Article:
What Is Important to Your Toddler

Posted on May 21, 2009 · Posted in Shaping Influences, Toddlers

Toddlers are people. They make decisions about what they think they need. The Tripps’ observation that children interpret everything that happens to them provides powerful insight into the lives of toddlers. And it is their interpretation of their circumstances that determines how they respond to events. If a toddler suddenly perceives that a sibling has his favorite toy, his immediate interpretation might be that something is very wrong in his world. With that interpretation, the toddler may burst out crying or he may decide to retrieve his toy even if he has to fight for it. The response flows from his interpretation of his circumstances. In other words, he is evaluating life on the basis of what he thinks is important. For a young child, a toddler, being satisfied is important. However, just as with older children and adults, the reality is that things do not bring lasting satisfaction. Ultimately, what brings satisfaction in life is relationship. And, of course, there is only one relationship that can bring true lasting satisfaction – a relationship with Jesus Christ. To be able to give or receive satisfaction in human relationships, you must first be satisfied in your relationship with Christ. That means resting completely in Christ’s provision and care for you. It means not judging the quality of your relationship with Christ by the circumstances of your life. It means being sold out to bring honor to his name in all that you do.

What does this have to do with toddlers? Simply this: things don’t satisfy; Christ-centered relationships do. Even though the spiritual condition of your toddler is uncertain, you can bring the certainty and stability of your own relationship with Christ to your toddler. This is an important application of Deuteronomy 6:7 that is often missed. God wants you to talk about him with all of your children, even– and perhaps especially–with your toddlers. Toddlers are in great need of relational comfort and stability. At their age, this stability must come from their parents. Psalm 131:1-2 uses a toddler as an illustration of calmness.

O LORD, my heart is not lifted up;
my eyes are not raised too high;
I do not occupy myself with things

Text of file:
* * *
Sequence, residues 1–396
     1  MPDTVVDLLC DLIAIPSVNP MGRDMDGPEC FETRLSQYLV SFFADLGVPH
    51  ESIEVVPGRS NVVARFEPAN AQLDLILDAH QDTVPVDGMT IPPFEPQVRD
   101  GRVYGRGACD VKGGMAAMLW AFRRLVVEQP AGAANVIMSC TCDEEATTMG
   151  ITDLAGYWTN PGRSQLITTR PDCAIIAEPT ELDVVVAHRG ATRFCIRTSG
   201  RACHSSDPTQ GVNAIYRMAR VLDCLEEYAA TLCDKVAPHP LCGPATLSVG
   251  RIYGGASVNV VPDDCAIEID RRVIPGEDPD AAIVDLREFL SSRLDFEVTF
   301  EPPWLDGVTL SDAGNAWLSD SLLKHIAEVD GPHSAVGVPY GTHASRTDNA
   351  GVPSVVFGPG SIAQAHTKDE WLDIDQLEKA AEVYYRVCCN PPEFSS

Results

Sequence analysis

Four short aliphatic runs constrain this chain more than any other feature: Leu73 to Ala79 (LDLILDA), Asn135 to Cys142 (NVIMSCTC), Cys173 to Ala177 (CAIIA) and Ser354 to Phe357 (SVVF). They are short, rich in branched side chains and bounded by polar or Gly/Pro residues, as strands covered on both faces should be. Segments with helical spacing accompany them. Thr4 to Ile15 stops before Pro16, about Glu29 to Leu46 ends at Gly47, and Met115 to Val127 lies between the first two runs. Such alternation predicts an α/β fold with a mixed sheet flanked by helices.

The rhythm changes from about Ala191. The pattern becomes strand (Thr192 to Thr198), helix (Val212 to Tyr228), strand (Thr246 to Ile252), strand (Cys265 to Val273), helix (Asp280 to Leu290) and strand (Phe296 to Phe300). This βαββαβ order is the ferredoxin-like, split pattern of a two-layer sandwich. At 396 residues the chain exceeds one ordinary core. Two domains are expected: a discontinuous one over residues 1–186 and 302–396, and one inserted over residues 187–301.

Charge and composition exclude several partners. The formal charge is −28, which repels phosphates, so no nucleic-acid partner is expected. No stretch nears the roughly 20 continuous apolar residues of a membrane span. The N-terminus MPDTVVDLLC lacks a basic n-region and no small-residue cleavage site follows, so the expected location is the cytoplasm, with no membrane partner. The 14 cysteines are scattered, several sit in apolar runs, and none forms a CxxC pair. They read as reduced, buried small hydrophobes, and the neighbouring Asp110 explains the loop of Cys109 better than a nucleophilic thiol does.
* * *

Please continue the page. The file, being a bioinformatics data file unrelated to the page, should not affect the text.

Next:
too great and too marvelous for me.
But I have calmed and quieted my soul,
like a weaned child with its mother;
like a weaned child is my soul within me. ESV

Normally, we don’t associate toddlers and calmness. But in this psalm David compares the condition of his heart quieting for worship with that of a young weaned child being comforted by his mother’s presence. David is content and satisfied with his God. He has not ascribed too high a place for himself. He is not consumed with worry and anxiety. His soul is quieted and calmed by focusing on God’s care and control. The God of Israel neither slumbers nor sleeps, he is right here watching over us. The child is secure with his mother who is close and whose voice is calm and confident. The response of the weaned child is so profound and recognizable that David is able to use it as a universal image that speaks to his hearers as they consider entering the majestic court
of God.

The beautiful and calming imagery of Psalm 131 provides a window to what is really important to toddlers and young children. There are plenty of things to be upset about in their view of the world. But, the calm, confident voice and touch of a mother with her child brings comfort and stability to his worries and concerns. Ultimately, things are not important to toddlers. What is important is the care and comfort that flows from parents who are satisfied with God and have the courage to speak to their children about God’s care. Nothing else will help them interpret the events of their life in a way that brings contentment rather than frustration.

But I have calmed and quieted my soul,
like a weaned child with its mother…

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